The harmonium, a portable keyboard that's part pipe organ and part accordion, was not Shilpa Ray's first choice as a musical instrument. While she was growing up in New Jersey in the 1980s, her parents required her to learn how to play Indian classical music, an education that included piano and harmonium lessons. By the time she was in her teens, though, Ray started sneaking Velvet Underground songs into her repertoire.
"I got my first harmonium when I was 6," she says. "I had to play it because my parents made me take music lessons, and I'm playing it now. I really wanted to play the kind of music I was listening to at the time."
The lessons paid off, because now Ray's distinctive harmonium textures and grooves are a key part of the low-down, bluesy indie rock she plays with her band, the New York-based Happy Hookers. Ray's harmonium—sometimes eerie, sometimes almost funky—gives the band's basic garage rock a vague throwback vibe, making it seem like music out of time, though not from any specific era.
"It adds tone and pace," Ray says. "Once you put a harmonium in the mix, you can't do anything else but kind of move with it."
Ray's vocals, which shift from grinding gutbucket howls to clean, soaring crescendoes, have a similarly timeless quality. Her voice often resembles PJ Harvey's or Patti Smith's, and sometimes the sound reaches all the way back to the blues queens of the 1930s. Ray also lists Damo Suzuki, the transcendental vocalist for krautrock pioneers Can, as an influence.
"I actually started really digging the blues in my 20s, because it's fun and pure," she says. "There's nothing really to it besides that. It's raw—everything now is covered in Auto-Tune and distortion and all sorts of crap."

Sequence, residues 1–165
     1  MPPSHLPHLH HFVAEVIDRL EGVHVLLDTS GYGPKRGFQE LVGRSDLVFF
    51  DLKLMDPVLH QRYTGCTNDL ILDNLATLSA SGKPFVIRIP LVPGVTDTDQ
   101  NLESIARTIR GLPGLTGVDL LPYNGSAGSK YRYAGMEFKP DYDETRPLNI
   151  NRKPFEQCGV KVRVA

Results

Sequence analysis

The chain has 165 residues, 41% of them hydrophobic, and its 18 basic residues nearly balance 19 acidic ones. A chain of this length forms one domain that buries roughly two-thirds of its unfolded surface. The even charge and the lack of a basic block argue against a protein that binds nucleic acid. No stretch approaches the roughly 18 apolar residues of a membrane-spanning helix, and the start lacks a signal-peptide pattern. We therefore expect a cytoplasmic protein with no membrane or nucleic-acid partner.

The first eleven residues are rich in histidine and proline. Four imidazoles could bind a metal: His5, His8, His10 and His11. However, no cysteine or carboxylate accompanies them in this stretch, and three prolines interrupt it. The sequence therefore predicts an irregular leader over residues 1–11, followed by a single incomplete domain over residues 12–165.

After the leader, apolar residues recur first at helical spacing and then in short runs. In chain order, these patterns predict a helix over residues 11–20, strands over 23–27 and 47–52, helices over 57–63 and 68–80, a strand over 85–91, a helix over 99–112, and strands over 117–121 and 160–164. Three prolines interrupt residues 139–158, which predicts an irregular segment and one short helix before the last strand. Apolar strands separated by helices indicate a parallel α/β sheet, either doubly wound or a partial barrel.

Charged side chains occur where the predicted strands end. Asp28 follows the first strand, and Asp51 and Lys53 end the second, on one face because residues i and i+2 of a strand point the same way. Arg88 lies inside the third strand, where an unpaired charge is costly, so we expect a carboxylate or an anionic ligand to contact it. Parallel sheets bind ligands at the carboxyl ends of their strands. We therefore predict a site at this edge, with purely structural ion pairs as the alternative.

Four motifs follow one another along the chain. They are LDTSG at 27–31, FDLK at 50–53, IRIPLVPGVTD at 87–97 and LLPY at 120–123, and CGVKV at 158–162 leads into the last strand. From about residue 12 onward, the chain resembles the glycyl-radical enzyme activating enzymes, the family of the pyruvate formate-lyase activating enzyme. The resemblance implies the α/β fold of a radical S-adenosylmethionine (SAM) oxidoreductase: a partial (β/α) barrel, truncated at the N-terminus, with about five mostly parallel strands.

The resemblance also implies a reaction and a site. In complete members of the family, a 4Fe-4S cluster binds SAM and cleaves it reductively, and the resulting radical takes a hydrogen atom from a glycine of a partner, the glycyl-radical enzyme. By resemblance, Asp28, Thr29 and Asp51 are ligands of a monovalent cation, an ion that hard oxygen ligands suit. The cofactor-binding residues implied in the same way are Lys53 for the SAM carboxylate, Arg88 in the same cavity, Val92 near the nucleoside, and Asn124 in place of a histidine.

Ray has been prolific on New York's rock scene since she was a teenager, as both a solo performer and with her previous band, Beat the Devil. But it has taken her years to reach any sort of prominence outside the city. She attributes the Happy Hookers' brand-new rising profile to the stability of the band's current lineup—Ray, guitarist Andrew Bailey, bassist Nick Hundley, and drummer John Adamski.
"This band came together through playing with different people," Ray says. "I've had, like, a bazillion different lineups, and we finally settled on this four. I had a band previous to this band that disbanded, and I wanted to keep working on stuff. I started out as a solo artist, so it's always been kind of add and delete, and now I think we're in a really good place."
Since the release of the band's second album, Teenage and Torture, in January, the Happy Hookers have had a string of good luck: Nick Cave personally selected the group to open for his band Grinderman on a fall tour, and the Hookers also opened for Smith in Brooklyn in November. Now the band is on the road with the out-there Japanese psychedelic space-rock trio Acid Mothers Temple, and will join the omnivorous Philadelphia experimentalists Man Man for a tour later this spring.
"It has been pretty busy, but in a good way," Ray says. "I don't know. I think it's what it's always like. You have to get up there and do your shit."
The Happy Hookers' provocative name matches the sordid narratives on Teenage and Torture, which feature street kids with STDs, crummy jobs, crummy drugs, and crummy boyfriends. Ray says that the band name actually comes from a fantasy about life at a legal brothel in Nevada.
"I was bumming out after my last band broke up, and I was hanging out with a bunch of my girlfriends," she says. "We were dreaming about being prostitutes in Las Vegas and how much fun that would be. One of my girlfriends was like, ‘Man, we look like some happy hookers.' And that's where the name came about. That's where it all originated. People either love it or hate it."